Tag Archives: Thiothixene

Pharmacotherapy in the Treatment of People With Schizophrenia

The pharmacological agents most primarily associated with treatment of schizophrenia are grouped in a large and heterogeneous family, the antipsychotics. Recently, this family has been subdivided into the typicals, or neuroleptics, and the atypicals (see Tables Selected Typical Antipsychotic Drugs and Their Characteristics and Atypical Antipsychotics: Relative Potencies and Side Effects). The neuroleptics are so… Read More »

Adjunctive Pharmacotherapy and Related Issues

Managing antipsychotic side effects. Antipsychotic drugs produce problematic side effects in many individuals (see Table Side Effects of Typical Antipsychotic Drugs). A major category of side effects results from neurotransmitter dysregulation of the extra-pyramidal motor system. It is thought that these side effects are the result of an imbalance of dopaminergic and acetylcholinergic activity in… Read More »

Pharmacological treatment for schizophrenia

Pharmacological treatments are an essential component of a comprehensive approach to the treatment of schizophrenia. Rational pharmacotherapies can contribute greatly to symptom relief and to a broader psychosocial recovery for affected individuals. However, antipsychotic drugs do not cure schizophrenia. Moreover, if not used judiciously, drug therapies can create significant financial, side-effect, and medical morbidity burdens… Read More »

Treatment for Schizophrenia: Antipsychotic Drugs

Modern drug treatment for schizophrenia dates to the early 1950s, when Deniker and Delay reported the antipsychotic effects of chlorpromazine (). Chlorpromazine was introduced in the United States in 1954, followed over the next three decades by several drugs, including fluphenazine, haloperidol, perphenazine, and thioridazine, with similar therapeutic effects. All of these so-called first-generation antipsychotics… Read More »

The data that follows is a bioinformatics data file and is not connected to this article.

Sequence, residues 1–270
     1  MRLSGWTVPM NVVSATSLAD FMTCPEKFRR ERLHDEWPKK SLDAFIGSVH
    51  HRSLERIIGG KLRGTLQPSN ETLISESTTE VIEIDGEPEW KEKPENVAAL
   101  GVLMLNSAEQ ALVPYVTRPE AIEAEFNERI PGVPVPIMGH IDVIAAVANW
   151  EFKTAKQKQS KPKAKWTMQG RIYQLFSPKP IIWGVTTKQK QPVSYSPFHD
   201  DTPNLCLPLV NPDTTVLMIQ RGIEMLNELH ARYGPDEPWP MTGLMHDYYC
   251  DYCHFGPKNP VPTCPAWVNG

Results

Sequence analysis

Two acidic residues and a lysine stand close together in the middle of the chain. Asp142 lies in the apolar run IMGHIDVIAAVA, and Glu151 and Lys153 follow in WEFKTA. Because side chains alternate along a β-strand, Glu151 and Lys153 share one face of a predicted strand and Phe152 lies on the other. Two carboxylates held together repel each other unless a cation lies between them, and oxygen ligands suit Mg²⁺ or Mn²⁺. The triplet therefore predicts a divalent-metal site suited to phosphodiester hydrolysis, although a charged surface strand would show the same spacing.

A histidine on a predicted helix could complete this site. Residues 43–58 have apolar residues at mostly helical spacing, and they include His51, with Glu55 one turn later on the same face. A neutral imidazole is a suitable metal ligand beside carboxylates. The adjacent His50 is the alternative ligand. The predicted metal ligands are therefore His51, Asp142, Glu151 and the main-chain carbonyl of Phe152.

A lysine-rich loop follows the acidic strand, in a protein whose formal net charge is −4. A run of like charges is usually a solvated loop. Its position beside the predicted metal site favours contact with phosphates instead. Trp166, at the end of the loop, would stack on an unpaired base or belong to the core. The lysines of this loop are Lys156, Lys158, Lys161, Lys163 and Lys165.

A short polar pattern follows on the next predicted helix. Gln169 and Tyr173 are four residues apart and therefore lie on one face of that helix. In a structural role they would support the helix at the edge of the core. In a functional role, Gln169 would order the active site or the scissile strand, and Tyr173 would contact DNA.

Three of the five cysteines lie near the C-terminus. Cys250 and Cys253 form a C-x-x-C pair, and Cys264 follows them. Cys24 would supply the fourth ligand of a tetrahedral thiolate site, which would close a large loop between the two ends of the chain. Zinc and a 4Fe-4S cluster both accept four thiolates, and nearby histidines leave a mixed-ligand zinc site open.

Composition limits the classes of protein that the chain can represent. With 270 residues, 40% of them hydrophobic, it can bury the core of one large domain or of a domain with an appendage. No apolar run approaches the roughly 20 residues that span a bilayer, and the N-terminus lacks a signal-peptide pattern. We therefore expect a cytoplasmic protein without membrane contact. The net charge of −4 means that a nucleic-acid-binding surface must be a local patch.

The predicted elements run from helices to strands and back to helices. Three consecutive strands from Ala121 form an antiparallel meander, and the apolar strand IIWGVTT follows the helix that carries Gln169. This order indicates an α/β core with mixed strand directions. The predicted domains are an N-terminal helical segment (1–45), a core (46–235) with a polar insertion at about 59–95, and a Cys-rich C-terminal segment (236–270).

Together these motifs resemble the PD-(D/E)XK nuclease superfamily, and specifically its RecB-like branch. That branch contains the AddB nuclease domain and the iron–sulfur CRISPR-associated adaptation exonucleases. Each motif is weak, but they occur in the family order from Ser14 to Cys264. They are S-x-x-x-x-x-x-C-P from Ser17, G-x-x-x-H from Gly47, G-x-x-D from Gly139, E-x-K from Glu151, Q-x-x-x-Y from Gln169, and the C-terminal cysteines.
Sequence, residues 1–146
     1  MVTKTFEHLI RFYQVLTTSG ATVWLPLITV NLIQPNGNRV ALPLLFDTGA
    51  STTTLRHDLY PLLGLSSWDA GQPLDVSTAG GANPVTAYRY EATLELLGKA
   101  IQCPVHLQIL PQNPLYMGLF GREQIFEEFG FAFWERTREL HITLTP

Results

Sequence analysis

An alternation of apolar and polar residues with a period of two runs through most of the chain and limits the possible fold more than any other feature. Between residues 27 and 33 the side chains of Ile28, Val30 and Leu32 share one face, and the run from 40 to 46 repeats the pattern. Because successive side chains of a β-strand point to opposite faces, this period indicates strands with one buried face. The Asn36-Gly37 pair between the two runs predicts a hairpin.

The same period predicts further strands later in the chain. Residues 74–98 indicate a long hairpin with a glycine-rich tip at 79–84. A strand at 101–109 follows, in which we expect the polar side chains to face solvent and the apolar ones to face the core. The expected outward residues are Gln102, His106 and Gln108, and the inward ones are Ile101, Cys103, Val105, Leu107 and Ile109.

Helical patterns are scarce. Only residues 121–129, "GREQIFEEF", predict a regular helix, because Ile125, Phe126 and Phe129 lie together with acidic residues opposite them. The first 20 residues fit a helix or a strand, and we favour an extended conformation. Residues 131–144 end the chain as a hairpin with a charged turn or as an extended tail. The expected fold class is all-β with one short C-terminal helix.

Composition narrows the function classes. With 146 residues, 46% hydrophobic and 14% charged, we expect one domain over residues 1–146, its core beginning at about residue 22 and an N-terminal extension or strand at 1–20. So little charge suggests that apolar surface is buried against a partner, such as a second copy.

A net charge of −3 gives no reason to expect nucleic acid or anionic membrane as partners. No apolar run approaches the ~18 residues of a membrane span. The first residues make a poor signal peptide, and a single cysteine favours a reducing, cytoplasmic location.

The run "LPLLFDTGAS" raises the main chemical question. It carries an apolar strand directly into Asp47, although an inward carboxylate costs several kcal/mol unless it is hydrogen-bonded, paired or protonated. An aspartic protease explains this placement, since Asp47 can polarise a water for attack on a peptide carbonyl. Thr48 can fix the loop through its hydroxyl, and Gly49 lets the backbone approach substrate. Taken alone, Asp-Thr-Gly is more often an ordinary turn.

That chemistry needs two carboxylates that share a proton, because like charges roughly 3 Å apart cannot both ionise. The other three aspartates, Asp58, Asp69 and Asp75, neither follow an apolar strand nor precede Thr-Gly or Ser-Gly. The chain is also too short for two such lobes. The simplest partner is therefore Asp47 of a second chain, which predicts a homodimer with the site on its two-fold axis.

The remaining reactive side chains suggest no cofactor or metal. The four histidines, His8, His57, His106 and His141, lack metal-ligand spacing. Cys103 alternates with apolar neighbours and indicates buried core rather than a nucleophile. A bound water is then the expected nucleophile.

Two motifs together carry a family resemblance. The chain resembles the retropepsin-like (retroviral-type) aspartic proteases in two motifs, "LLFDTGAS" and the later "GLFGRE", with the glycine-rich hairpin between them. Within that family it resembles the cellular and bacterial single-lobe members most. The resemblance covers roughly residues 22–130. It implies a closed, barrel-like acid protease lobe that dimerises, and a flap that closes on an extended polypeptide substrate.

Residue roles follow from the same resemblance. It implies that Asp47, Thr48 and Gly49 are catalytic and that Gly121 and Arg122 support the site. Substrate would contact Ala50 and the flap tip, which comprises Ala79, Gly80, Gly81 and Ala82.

Antipsychotics For The Treatment Of Schizophrenia

Following the Anatomical Therapeutic Chemical (ATC) classification system by WHO Collaborating Centre for Drug Statistics Methodology), antipsychotics (ATC N05A) are classified as: • N05AA Phenothiazines with aliphatic side-chain: Chlorpromazine, Levomepromazine, Promazine, Triflupromazine, Cyamemazine, Chlorproethazine • N05AB Phenothiazines with piperazine structure: Dixyrazine, Fluphenazine, Perphenazine, Prochlorperazine, Thiopropazate, Trifluoperazine, Acetophenazine, Thioproperazine, Butaperazine, Perazine • N05AC Phenothiazines with piperidine… Read More »

Typical Antipsychotics For The Treatment Of Schizophrenia

Lithium • Lithium and lithium salts (especially carbonate or citrate) were the focus of research in depression topic in the 1930’s. Lithium carbonate was launched in 1939 by Solvay for the treatment of depression and schizophrenia, and in 2002 Glaxo launched it for the treatment of mania • For many years, the effect of lithium… Read More »

Drugs in Treatment of Schizophrenia

  The introduction of chlorpromazine (Thorazine), the first of the antipsychotic drugs (also known as neuroleptics), in 1952 revolutionized the treatment of schizophrenia. Since then, these drugs have become the mainstay of treatment for people with schizophrenia. Before these drugs were discovered, many who suffered from this illness spent most of their lives in hospitals,… Read More »

Schizophrenia, Psychotic Disorders, and Antipsychotics

The primary indication for use of antipsychotics is the presence of psychosis in a number of conditions, including schizophrenia, schizoaffective disorder, delusional disorder, brief psychotic disorder (which maybe present in a number of personality disorders), mood disorders with psychotic features, or psychotic disturbance secondary to an underlying medical condition or substance use disorders, resulting from… Read More »


Quetiapine Pharmacology Quetiapine is an atypical antipsychotic with a half-life of two to three hours. It has high affinity for 5-HT2A receptors and weak affinity for dopamine, muscarinic, and adrenergic receptors. Typical antipsychotic doses are 150 to 800 mg daily. Sleep Efficacy There are no randomized controlled trials in primary insomnia. Quetiapine 25 or 100… Read More »

Mood Stabilizing Medications in the Treatment of Psychotic Disorders

Mood Stabilizing Medications in the Treatment of Psychotic Disorders of Children and Adolescents, Other Treatments, and Alternative Treatments For a variety of reasons, other medications are added frequently to the psychopharmacological treatment of chronic psychotic conditions in children and adolescents. Among these, mood stabilizers (valproate, lithium, lamotrigene, and others) play a significant role in the… Read More »